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ARCHIVED - Forecasts expire after 24 hours.
Issued
Tue, March 30th, 2010 - 7:00AM
Expires
Wed, March 31st, 2010 - 7:00AM
Forecaster
CNFAIC Staff
Avalanche risk The Bottom Line

Good morning backcountry travelers this is Matt Murphy with the Chugach National Forest Avalanche Information Center on Tuesday March 30th, 2010 at 7 am. This will serve as a general backcountry avalanche advisory issued for Turnagain Arm with Turnagain Pass as the core advisory area (this advisory does not apply to highways, railroads, or operating ski areas).

WEATHER ROUNDUP

-The winds have been averaging light in the 2-10mph range at all ridge top wx stations with strong gusts up to 31mph.

-In the last 24 hours (5am-5am), the snotel sites recorded:

0.2 inches of water with minus 5” of snow due to melting/settlement at Turnagain Pass

0.4 inches of water 2 inches new snow then minus 5” of snow due to melting/settlement at Grandview

0.0 inches of water and no change to total snowpack depth Summit Creek.

-The current (5am) radars show scattered precip over Prince William Sound Kenai Peninsula

-Temps have increased slightly at all weather stations this morning by 1-5 degrees compared to yesterday. Temps at 5am range from 34 degrees F at sea-level and 25 degrees F at 3800′. Temps made it above freezing up to 3300′ yesterday. The wx stations recorded the warmest temps between 1-4pm. That is the same time frame that natural avalanches occured.

AVALANCHE DISCUSSION

Today’s avalanche danger will remain at CONSIDERABLE, due a heavy slab on top of a variety of crusts and weak layers of buried surface hoar. Terrain management is the key right now. Keep your slope angles below 35 degrees. AVOID traveling on any sunny slopes IF the sun comes out (the sun is not forecasted today, but this is the critical “watch out” situation with our current snowpack)

The new snow that fell on Saturday has become a slab. This slab is sitting on multiple crusts and weak layers of buried surface hoar on all aspects. It has been showing signs of natural and human-triggered activity in the past 24-48 hours:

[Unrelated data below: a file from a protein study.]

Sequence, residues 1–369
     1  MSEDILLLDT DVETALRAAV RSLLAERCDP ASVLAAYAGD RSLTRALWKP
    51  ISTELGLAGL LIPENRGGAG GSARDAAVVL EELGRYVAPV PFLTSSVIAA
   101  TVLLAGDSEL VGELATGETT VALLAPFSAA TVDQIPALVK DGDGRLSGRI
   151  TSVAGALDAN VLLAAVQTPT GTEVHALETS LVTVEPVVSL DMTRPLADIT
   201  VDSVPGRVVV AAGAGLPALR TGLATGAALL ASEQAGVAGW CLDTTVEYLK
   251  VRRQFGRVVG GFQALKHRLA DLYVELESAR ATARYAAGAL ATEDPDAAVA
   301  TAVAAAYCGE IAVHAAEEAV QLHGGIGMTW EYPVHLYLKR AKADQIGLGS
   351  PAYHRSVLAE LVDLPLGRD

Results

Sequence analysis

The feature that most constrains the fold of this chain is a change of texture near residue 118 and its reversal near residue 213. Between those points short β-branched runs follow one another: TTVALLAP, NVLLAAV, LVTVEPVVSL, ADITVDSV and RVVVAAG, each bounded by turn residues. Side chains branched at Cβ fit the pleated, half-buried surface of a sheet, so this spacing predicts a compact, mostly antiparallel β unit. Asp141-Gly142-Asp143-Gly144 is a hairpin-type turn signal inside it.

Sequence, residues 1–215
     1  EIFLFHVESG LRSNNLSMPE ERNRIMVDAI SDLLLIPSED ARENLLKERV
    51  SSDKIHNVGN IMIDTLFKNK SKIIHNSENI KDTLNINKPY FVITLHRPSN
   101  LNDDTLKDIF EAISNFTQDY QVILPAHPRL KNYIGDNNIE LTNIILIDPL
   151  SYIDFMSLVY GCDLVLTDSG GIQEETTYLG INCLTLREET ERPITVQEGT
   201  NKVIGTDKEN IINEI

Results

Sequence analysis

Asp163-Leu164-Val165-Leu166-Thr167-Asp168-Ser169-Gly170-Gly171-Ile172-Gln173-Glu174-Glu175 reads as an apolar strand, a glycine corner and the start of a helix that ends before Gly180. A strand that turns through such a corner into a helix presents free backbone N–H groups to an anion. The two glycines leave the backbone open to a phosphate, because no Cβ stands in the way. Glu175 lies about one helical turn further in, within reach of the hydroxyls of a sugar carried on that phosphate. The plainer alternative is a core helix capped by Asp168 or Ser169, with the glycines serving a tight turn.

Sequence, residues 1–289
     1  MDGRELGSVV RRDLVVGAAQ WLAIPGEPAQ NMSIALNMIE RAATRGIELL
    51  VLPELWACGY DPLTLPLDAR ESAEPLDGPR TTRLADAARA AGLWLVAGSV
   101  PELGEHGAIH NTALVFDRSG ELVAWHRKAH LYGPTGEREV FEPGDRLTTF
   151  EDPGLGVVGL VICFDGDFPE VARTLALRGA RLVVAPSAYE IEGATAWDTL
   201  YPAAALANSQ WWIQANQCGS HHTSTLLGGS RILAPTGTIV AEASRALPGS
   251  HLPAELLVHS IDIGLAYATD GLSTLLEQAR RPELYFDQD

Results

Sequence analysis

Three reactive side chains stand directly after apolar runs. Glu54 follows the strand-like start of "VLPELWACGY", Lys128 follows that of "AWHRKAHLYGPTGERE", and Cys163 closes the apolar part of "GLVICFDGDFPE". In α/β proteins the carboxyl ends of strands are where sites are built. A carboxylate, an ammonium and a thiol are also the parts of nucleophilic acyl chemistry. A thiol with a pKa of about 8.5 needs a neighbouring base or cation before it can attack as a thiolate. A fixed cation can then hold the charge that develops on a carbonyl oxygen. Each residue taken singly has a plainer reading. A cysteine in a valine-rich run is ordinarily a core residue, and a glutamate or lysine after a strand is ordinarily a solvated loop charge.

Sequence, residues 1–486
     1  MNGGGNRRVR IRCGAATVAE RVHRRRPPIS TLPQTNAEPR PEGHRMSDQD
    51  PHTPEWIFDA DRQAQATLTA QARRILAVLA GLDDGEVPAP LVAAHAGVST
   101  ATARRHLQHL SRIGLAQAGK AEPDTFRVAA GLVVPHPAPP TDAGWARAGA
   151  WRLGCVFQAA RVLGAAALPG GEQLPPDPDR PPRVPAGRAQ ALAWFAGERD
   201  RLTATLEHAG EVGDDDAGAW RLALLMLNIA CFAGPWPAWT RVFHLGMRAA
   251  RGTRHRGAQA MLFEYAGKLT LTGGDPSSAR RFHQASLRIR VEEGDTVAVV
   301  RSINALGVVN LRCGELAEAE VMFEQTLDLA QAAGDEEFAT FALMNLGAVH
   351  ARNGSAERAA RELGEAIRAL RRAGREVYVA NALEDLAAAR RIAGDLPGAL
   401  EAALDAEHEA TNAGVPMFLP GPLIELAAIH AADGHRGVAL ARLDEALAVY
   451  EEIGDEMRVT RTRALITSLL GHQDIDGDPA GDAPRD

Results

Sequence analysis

-Large natural avalanches occurred yesterday 3/29/2010 due to the intense sun and warm temps. An avalanche on Sunnyside across from the motorized parking lot at Turnagain Pass was clearly big enough to injure, bury or kill a person.

-I was able to easily trigger a medium sized slab avalanche that failed on a crust on a steep rollover on Tincan 2 days ago on 3/28/2010. If this slab would have occurred on bigger terrain it would have been big enough to injure, bury or kill a person.

-Several natural avalanches occurred 3/27 or 3/28/2010 on steep slopes like Tincan Proper and along the Library on Tincan Ridge

Before this new snow formed the current heavy slab, the snowpack was already having problems with the weak layers that we are worried about. Now there is a significantly bigger slab sitting on top of these weak layers. Recent stability tests have been finding clean shears below this new slab, but it seems to require very steep slopes to trigger this slab.

Recent avalanches include:

– North aspect of Granddaddy Chute (Bertha Creek drainage), 2.5 feet deep, 150-200 feet wide (probably buried surface hoar).

-North aspect of Magnum at Taylor Pass between Sunburst and Magnum, triggered while skinning, 3400 feet elevation, 80-90 feet wide, 1.5-2 feet deep, ran 300 feet on layer of (buried surface hoar).

-South face of Sunburst at highest point, triggered while skiing on convex rollover, 6-9 inch deep crown face, ran 3/4 of the way to the bottom, happened at 12:30pm (failed on suncrust).

– North face of Sunburst near the top of Elevator Shaft. The skier triggered it on his third jump turn from the top. It broke 2-3 feet deep and ran 1000 feet (probably buried surface hoar).

-South face of A1 in the Upper Girdwood Valley between 4000 and 5000 feet.

In summary appears that Northern aspects are holding layers of buried surface hoar and southern aspects have a crust. Either way, we have a dense heavy slab on top of these weak layers and avalanches have occurred as recently as yesterday afternoon.